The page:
The Islamic State’s use of social media and online tools to radicalize and recruit Westerners has become a subject of great interest among researchers, analysts and policy makers. Recently, attention has focused on the group’s use of its English-speaking members, primarily based in Syria and Iraq, to virtually connect with Americans and often encourage them to commit terrorist attacks within the United States. In a recent piece in West Point Combating Terrorism Center’s Sentinel, we argue that the Islamic State (IS) is using “virtual entrepreneurs,” who employ social media to connect people in the West to larger extremist communities, encourage radical beliefs, and suggest violent or illegal actions against the non-believer.
Since its launch, George Washington University’s Program on Extremism has tracked over 115 criminal court cases involving American IS supporters, reviewing tens of thousands of pages of court filings, and interviewing law enforcement officials, reporters, and attorneys connected to these cases. In so doing, we have identified and documented 19 U.S.-based individuals who were involved with virtual entrepreneurs for the Islamic State. Using messaging apps with encryption options like Telegram and Whatsapp, these virtual entrepreneurs encourage and guide zealous young jihadis with no terrorist training or experience, until they reach their full potential. The virtual entrepreneur nurtures and directs raw desire until the young jihadi is ready and able to take the next step for his cherished handler. In some cases, they have also had a direct hand in planning terrorist attacks in the West.
Some of the key IS virtual entrepreneurs are familiar to most counterterrorism policymakers, such as British hacker turned IS propagandist, Junaid Hussain. Others, like Reyaad Khan and Abu Sa’ad al-Sudani, have largely floated under the radar. Taken together, these virtual entrepreneurs were involved in at least 21 percent of IS-inspired domestic plots and attacks in the United States.
The involvement of virtual entrepreneurs is even more pronounced in Europe. Recent research finds that 19 out of 38 IS-linked plots in Europe between 2014 and 2016 involved some form of online instruction. Indeed, virtual entrepreneurs present such a threat to Western security that many are near the top of target lists, and at least four, including Hussain, Khan, and al-Sudani, were targeted and killed in anti-IS coalition airstrikes.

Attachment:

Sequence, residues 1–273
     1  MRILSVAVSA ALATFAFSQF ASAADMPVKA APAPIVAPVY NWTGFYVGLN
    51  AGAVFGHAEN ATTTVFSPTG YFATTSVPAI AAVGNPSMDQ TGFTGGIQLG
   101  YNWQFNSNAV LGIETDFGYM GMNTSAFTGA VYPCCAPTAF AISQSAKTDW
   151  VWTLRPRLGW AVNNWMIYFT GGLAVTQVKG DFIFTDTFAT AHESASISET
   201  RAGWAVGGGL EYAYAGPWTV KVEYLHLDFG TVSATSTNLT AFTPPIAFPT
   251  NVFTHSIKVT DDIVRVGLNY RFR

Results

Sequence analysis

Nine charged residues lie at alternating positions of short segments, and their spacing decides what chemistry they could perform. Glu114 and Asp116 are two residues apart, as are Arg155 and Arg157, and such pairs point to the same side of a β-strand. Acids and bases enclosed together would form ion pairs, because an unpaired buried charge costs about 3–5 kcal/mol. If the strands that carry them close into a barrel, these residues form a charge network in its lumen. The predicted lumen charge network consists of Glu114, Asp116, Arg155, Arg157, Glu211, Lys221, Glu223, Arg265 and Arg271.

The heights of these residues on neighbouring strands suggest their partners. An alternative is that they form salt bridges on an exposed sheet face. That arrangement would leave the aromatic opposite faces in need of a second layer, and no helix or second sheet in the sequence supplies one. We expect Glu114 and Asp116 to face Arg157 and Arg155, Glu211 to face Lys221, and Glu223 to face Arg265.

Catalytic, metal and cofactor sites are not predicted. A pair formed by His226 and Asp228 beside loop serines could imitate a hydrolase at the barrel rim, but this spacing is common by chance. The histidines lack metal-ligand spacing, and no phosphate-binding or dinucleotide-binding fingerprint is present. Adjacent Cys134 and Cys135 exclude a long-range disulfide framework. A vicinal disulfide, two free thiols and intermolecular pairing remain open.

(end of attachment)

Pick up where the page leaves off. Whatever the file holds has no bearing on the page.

Virtual entrepreneurs represent a natural progression of the IS threat to the West. As military pressure has squeezed the group in its bases in Iraq and Syria, and governments have largely staunched the flow of foreign fighters from their shores, the group has sought to exploit its online reach to maintain a presence in the countries of its enemies.
Junaid Hussain’s presence on social media platforms like Twitter, for example, allowed him to gain an almost cult-like following among Western sympathizers. Hussain, a former hacker who had frequent run-ins with law enforcement, travelled to Syria while awaiting trial for a charge of violent disorder. Here was a man who practiced what he preached; he talked the talk and walked the walk. Not only did he support jihad on his Twitter feed, he joined and fought for the group in its heartland. Hussain’s actions gave him a level of credibility that he quickly leveraged into a following, allowing him to further the terrorist aims of IS in the West. Hussain was revered by American and British jihadists, who looked to him for religious advice and practical answers on everything from how to travel to join IS to religious rulings on fighting Jihad.
Hussain was always happy to advise potential jihadis on matters large and small. In one case, he provided an Ohio man, Munir Abdulkader, with the address of a U.S. military officer, and suggested that he be killed. Abdulkader relied on Hussain to provide material details. “Make sure the soldier was in Iraq or Afghanistan,” one text stated. “Do you know his work schedule? When he home etc?” said another. Abdulkader went further in his requests: “How do you make Molotov? You have a link? And what’s the knife to use? Sharpest?” He gave Hussain a play-by-play of his surveillance of targets and the supposed ease of purchasing a AK-47. At each step, Hussain was online and encouraging. Abdulkader was arrested shortly after that, having plotted part of his attack with an accomplice who was an FBI informant.
Heavy reliance on IS virtual entrepreneurs’ knowledge and connections is not unique to Abdulkader. Jihadist propaganda has been easily accessible through various online platforms over the last decade, and has played a role in radicalizing Americans. Now, with the advent of numerous social media applications (many of which use encryption technology), a would-be recruit can access real-time support and be given a stronger sense that he is part of the wider movement. This online support therefore sustains and encourages the recruit’s continued participation in the Islamic State.
In the past, American jihadis also sought religious justification and validation for their intended actions from recognized extremist leaders. Now, they can receive this from foreign fighters in Syria and Iraq, who have reached “rock-star” status due to their presence in the Caliphate. Their communications with these virtual entrepreneurs has in many cases been seen to provide them with the affirmation they think they need. The deaths of figures like Junaid Hussain may help stem the number of homegrown attacks and plots, but the experience of the last three years points to an emerging online approach that is likely here to stay.